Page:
Republican candidate for Oregon governor Bud Pierce has apologized for stating that educated women with good jobs are not “susceptible” to abuse.
“A woman that has great education and training and a great job is not susceptible to this kind of abuse by men, women or anyone,” Pierce said at a Friday debate with Oregon Gov. Kate Brown (D) in Portland.
The comment was particularly clueless, considering that it came just moments after Brown noted that she was a domestic violence survivor, KGW reports. (Her campaign later clarified that her husband, Dan Little, was not involved.)
An audience member had asked the two of them about a recent report finding that more than half of the state’s female population has experienced sexual or domestic violence.
As the crowd booed, Pierce attempted to clarify his comments.
“OK, so, powerful women have access to lawyers and courts and go at it. But the women who are most vulnerable are poor women who don’t have a place to turn, because they don’t have shelter, they don’t have family around them,” he said. “So I would argue that in addition to strong laws and going after every sexual predator and every abuser, that the way we can make women have a better existence and be less susceptible to being harmed is to make them powerful in terms of their job and their opportunity.”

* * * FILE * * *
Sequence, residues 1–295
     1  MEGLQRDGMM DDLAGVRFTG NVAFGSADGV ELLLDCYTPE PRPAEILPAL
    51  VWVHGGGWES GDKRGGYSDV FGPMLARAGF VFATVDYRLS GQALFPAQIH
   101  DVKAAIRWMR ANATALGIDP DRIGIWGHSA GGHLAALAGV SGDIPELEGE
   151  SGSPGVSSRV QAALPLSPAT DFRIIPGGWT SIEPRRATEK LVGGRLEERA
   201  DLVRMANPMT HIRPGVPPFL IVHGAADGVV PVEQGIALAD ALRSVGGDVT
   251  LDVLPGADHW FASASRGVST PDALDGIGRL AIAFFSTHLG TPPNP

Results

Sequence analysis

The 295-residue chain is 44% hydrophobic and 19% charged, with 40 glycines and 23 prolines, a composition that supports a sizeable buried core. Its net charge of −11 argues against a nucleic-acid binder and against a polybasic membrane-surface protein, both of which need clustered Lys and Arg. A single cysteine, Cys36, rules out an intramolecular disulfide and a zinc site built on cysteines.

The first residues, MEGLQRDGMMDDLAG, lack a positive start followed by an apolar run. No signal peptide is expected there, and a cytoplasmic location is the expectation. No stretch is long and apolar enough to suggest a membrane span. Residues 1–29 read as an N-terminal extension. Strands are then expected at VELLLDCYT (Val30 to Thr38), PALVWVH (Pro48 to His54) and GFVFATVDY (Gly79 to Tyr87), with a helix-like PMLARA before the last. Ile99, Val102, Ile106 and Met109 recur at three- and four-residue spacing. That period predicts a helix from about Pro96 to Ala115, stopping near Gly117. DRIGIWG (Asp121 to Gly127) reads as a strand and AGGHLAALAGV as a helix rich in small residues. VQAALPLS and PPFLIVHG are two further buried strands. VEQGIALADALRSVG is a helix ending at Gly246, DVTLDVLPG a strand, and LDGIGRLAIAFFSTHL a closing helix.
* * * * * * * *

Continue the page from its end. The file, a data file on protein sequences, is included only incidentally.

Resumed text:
Brown appeared taken aback. “I’m honestly not sure where to start,” she said. “I grew up in a middle-class family. I went to law school. I know what it feels like to be paid less — substantially less — than the male lawyer in the office next to me. This is not just about power; it’s about making sure that people are not discriminated against because of their gender, because of their race and because of their sexual orientation.”
Pierce released an apology later Friday, acknowledging that “any women, regardless of economic status, can be subject to domestic violence and sexual abuse.”
Poverty and lack of resources can, of course, make it more difficult to seek help in an abusive situation, and a 2013 Department of Justice report found that women in “economically disadvantaged neighborhoods” were more likely to experience intimate partner violence.
But the premise that people with good jobs or high levels of education aren’t susceptible to abuse is — as Brown demonstrates — just flat-out wrong.
And the stereotype that domestic violence only happens to poor or uneducated women could prevent people from seeking help.
“Because, as an educated or professional person, the victim will say, ‘These things shouldn’t be happening to me,” Nanci Kreidman, CEO of the Domestic Violence Action Center, told Hawaii Business in 2012. “And so they have a greater interest in protecting the secret because they’re embarrassed. There’s less sympathy from others and more judgment involved.”